Stormfighter 2 (oz11327)
About this Plan
Stormfighter 2. Radio control sailplane.
Quote: "Stormfighter 2, by Eckart Saloman.
Soaring along the rugged coast of Southern California is an exhilarating experience. The vast expanse of ocean, scalloped cliffs, and sky, invite you to weave them together with the harmonious patterns of your responsive model sailplane.
The precise feeling that a powered ship gave, was something that drove me to experiment to see just how close one could come with a slope soarer. Dissatisfied with both the price tags and design of most advanced kits. I began researching and finally building my own ships. I first experimented with a few conventional designs, including some with wing loadings that could only be measured in pounds per square inches. Then the concept of the delta wing lured me into a great deal of research and testing, with the Stormfighter 2 as the end result.
Characteristics: SF2, and deltas in general, have certain flight characteristics that are unique to them which makes them much easier to fly than one would imagine. They can handle a lot of wind without having to weigh a ton, with exceptional penetration in strong wind. The delta is basically a flying wing with the elevons acting as the tailplane.
SF2 performs very fast rolls that track precisely, and has a basic stability in flight that is almost comparable to conventional dihedral. This stability exists in both upright and inverted flight, and even allows SF2 to be flown with rudder alone. Way back when radios were quite simple affairs, powered deltas flew successfully with rudder only, at least as long as the radio worked all right, according to the old timer who told me. This stability gives a predictable honest flight in spite of the wild and racy appearance.
Once, to find out how great this inherent stability was, I constructed a delta without a fuselage. I continually kept reducing the rudder area, ending up with so little area, that it was really nothing more than a keel about 1 in high on a 35 in span model. Only then did it display the familiar heart thumping flight characteristics some of us have perhaps helplessly witnessed now and then - but it was still flyable!
The onset of the stall in this and all deltas is very slow. So slow, in fact, that one has to watch closely for it. It will not display the usual nose-up peak, but rather will lose airspeed, become sluggish at the controls, and the nose begins to point up. At the onset of the stall the lift seems to break down gradually from the tip inward. This stall pattern in deltas comes in very handy when landing in a small area, as I do (30 to 40 yards). With some practice this delta can he made to mush down in a nose-up attitude, barely even flying. All one has to do is to keep the controls alive, watch for turbulence, and keep up minimum airspeed.
Wind tunnel tests have been made on various delta wing shapes by modelers in Germany (if you read German, here is the book: R/C Deltamodelle by FH Leisten, Neckar Verlag). They discovered that the delta wing has an elliptical lift distribution, meaning that it gives a very small amount of induced drag. It can be as much as 10% less than a conventional swept back wing. This is why I was able to design SF2 with a back sweep of 27°. A conventional wing that is swept back like this does not give sufficient lift for a soarer. It has to be a delta. So I got both: Sufficient lift for the slopes, and the speed performance of a very pointed wing.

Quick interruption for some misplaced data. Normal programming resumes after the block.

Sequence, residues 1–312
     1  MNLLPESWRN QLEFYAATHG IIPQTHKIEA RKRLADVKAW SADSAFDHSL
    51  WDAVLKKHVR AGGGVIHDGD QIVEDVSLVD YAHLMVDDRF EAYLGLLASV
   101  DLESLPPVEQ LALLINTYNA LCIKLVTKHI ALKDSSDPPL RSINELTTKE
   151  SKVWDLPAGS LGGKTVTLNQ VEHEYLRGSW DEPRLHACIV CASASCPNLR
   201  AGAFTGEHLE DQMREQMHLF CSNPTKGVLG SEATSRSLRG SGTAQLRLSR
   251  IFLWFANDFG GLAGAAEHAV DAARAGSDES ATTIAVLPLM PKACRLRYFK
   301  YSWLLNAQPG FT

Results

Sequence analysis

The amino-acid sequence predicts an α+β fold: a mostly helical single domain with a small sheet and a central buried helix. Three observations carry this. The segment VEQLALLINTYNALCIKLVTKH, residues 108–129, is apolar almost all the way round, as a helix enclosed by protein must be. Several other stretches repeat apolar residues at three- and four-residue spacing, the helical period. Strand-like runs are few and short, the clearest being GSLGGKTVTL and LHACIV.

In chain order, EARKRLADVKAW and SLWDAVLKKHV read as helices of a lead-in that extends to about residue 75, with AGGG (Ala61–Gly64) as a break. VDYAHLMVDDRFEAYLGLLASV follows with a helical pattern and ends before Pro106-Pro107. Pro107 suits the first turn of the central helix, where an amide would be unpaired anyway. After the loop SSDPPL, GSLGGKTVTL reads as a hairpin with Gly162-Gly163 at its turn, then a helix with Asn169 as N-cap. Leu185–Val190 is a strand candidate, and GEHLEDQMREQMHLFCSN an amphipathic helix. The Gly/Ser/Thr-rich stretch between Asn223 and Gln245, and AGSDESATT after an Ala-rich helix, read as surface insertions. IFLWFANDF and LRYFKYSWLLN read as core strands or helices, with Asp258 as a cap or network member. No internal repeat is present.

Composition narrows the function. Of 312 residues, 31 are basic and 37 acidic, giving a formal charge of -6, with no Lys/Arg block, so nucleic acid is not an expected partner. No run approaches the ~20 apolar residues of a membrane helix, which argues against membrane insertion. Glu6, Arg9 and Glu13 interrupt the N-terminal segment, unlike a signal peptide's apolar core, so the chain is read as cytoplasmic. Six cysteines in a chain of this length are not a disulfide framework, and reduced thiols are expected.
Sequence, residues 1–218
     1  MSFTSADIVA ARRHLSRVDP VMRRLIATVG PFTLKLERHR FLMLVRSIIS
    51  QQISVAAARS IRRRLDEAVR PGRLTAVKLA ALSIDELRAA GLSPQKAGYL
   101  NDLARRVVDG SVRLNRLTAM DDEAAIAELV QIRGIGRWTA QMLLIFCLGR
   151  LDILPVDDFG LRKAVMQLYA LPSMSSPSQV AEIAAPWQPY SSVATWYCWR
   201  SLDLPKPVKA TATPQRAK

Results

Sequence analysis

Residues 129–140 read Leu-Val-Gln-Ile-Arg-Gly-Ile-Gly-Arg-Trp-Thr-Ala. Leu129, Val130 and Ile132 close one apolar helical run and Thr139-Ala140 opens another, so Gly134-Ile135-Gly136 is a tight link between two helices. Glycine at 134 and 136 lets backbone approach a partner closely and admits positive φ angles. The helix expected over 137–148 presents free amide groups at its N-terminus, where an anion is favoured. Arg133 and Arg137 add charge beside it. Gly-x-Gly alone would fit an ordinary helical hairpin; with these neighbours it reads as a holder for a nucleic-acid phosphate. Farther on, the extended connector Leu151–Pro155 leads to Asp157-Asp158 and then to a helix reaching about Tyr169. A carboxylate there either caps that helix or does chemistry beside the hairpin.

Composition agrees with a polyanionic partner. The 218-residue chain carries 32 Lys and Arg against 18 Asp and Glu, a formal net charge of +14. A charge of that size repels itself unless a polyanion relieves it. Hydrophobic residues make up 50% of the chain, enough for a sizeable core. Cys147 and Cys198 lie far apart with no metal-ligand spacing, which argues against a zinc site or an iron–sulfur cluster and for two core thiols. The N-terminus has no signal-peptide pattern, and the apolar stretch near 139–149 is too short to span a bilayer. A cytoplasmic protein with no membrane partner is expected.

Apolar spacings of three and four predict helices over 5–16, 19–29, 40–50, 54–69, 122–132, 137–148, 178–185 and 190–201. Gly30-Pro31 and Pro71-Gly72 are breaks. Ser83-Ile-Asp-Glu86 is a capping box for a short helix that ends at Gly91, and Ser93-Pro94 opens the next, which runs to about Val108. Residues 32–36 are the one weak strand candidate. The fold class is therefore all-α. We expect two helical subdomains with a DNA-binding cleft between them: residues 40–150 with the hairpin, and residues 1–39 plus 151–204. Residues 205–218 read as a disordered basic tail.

Speed is one of SF2's strong points. If the wind really blows, the fun begins. With increasing speed, the handling and tracking improve. SF2 has a wing loading of around 10 oz/sq ft, which is plenty for a lot of wind. I flew SF2 in 40 mph winds without ballast, and didn't feel the need to add any ballsat. Above that you can add as much lead as you dare, but be ready for some high speed passes that will make the old adrenalin flow.
Flying SF2 is not for beginners. But if you can handle ailerons reasonably well, you won't have any trouble. However, don't fly it in a storm until you have become familiar with its characteristics. Otherwise you may end up distributing this beautiful ship all over the landscape. The building instructions are not meant for beginners either. So I'm not going into every detail. The design is straightforward, and anyone with some some building experience should he able to follow just from the plan.
There are several innovations in this design which allow for smooth flight, compact disassembly and, lastly, quick repair, if such a thing is ever necessary for you! With the last point in mind - the main criterion in my designing it, apart from flight performance and pleasing looks, was strength. SF2 is the result of-my coping with a very small landing site, heavy-turbulence, and a short attention span during downwind approaches. That's why in its coonstruction I suggest using heavy glass cloth combined with epoxy. This combination lives toughness and strength to the fuselage... "
Note this plan has a couple of issues. The low res scan used as the basis for this planfile had a central band missing - and that area has been re-created from scratch. Some guesswork was involved. Advise caution.
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